So it comes as no sur­prise that Mus­cat used the media atten­tion of the world stage at the UN Gen­er­al Assem­bly to address the future-ori­ent­ed atti­tude of his gov­ern­ment in the mat­ter of Blockchain and to slight­ly drum up pub­lic­i­ty for Blockchain Island.

It is clear: no oth­er coun­try with­in the EU (or world­wide) cur­rent­ly offers a more attrac­tive and promis­ing loca­tion for the foun­da­tion and estab­lish­ment of a com­pa­ny with DLT tech­nol­o­gy. Founders ben­e­fit from a clear legal frame­work, the abil­i­ty to have the DLT mod­el reviewed and licensed by the state, and the con­fi­dence of (poten­tial) investors.

If you are also inter­est­ed in found­ing a DLT com­pa­ny and are con­sid­er­ing to locate in Mal­ta, then we will be hap­py to help you. Find out more about our com­pre­hen­sive ser­vice and con­sult­ing ser­vices for blockchain and DLT or make an appoint­ment to dis­cuss the next steps in set­ting up your com­pa­ny on the island of Mal­ta.

About Dr. Jörg Werner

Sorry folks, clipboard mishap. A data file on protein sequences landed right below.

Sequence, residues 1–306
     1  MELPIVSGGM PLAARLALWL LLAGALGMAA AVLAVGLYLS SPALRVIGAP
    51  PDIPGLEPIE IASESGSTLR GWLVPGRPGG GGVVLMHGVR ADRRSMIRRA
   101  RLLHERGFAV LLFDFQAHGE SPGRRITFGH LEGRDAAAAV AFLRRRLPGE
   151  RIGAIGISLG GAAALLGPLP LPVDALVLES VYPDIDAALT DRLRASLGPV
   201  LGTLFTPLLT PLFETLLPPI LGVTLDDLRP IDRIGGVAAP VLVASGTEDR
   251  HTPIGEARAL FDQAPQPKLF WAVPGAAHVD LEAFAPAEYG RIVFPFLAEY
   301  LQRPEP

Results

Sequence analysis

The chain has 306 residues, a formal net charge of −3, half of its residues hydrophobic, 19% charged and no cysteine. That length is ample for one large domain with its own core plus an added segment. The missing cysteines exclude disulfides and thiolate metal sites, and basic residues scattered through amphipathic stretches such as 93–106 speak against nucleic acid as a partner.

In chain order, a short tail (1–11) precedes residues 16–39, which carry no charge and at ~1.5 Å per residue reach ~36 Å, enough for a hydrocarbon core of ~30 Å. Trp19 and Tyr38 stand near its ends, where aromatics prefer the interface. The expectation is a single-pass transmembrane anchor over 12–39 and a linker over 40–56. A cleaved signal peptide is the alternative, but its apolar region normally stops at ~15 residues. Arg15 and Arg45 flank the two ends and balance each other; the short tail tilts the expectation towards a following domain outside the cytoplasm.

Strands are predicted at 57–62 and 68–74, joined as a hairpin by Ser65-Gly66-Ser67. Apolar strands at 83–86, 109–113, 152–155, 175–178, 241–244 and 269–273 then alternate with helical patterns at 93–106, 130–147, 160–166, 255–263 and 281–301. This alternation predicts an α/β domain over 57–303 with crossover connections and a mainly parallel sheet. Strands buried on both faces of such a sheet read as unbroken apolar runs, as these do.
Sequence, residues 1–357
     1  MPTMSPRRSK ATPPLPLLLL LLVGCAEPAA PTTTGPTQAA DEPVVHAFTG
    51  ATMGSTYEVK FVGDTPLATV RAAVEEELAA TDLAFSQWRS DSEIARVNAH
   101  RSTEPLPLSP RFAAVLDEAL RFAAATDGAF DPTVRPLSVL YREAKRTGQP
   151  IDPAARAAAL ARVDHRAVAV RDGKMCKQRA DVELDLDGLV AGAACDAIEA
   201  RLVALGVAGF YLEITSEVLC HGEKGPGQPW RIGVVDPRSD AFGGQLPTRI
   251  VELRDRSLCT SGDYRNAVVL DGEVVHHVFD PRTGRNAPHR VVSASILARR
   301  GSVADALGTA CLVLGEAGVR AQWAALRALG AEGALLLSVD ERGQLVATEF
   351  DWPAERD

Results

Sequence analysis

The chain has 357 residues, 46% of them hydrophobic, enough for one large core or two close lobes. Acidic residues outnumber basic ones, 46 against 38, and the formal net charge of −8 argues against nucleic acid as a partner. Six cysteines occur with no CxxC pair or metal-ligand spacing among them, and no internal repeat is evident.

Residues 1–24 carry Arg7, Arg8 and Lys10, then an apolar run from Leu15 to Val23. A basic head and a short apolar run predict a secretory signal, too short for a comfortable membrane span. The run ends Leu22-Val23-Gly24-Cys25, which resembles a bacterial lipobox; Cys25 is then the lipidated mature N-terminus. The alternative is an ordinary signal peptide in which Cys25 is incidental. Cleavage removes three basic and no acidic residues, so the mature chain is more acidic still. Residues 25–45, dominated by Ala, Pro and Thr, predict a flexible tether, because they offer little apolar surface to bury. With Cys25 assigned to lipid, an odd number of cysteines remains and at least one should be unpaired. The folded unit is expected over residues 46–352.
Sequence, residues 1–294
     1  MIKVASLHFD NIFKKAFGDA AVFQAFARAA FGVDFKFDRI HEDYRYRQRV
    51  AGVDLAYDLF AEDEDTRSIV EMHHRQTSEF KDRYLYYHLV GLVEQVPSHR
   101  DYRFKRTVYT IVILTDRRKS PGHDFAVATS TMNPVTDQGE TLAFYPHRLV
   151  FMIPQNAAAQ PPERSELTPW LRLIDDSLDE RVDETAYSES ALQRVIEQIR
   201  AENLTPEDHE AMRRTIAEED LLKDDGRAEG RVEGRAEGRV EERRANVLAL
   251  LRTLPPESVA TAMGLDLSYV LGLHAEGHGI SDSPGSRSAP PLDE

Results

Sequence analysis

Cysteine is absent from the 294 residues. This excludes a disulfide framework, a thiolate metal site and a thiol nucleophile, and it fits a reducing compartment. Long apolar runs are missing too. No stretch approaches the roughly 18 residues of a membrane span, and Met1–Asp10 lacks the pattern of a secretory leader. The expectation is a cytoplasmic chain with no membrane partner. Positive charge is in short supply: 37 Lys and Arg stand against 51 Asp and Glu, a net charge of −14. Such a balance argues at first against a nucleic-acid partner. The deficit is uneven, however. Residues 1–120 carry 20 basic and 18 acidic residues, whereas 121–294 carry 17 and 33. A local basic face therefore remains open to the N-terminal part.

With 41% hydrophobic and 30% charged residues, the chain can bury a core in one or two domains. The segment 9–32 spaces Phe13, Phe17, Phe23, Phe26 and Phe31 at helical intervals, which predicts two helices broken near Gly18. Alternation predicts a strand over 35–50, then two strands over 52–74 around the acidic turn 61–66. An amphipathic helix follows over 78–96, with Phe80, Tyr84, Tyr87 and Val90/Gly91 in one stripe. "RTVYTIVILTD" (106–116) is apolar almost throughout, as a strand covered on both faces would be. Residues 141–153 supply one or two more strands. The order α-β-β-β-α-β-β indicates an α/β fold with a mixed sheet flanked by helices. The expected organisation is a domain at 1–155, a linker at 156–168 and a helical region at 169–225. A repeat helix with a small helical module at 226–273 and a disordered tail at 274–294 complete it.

Dr. jur. Jörg Wern­er, born 27 May 1971, attend­ed the law school of the Uni­ver­si­ty of Leipzig and passed his first state exam­i­na­tion in the State of Sax­ony in 1996. After suc­cess­ful­ly com­plet­ing his manda­to­ry legal intern­ship, he suc­cess­ful­ly passed the sec­ond state exam­i­na­tion of the State of Sax­ony-Anhalt in 1998 and was admit­ted to the bar and began to prac­tice as a Ger­man attor­ney (Recht­san­walt) before the court of Magde­burg the same year. He worked as an attor­ney at the Law Offices of Prof. Dr. Fre­und & Kol­le­gen until he formed the firm of Wrede & Wern­er. He was also admit­ted to prac­tice before the Supe­ri­or Court of Naum­burg. In 2001, he moved the firm’s offices to Cen­tral Berlin, where he was admit­ted to prac­tice before the Courts of Berlin. Dr. jur. Jörg Wern­er then com­plet­ed his doc­tor­al stud­ies at the Uni­ver­si­ty of Ham­burg and grad­u­at­ed as a Dok­tor der Rechtswis­senschaften (Doc­tor of Laws).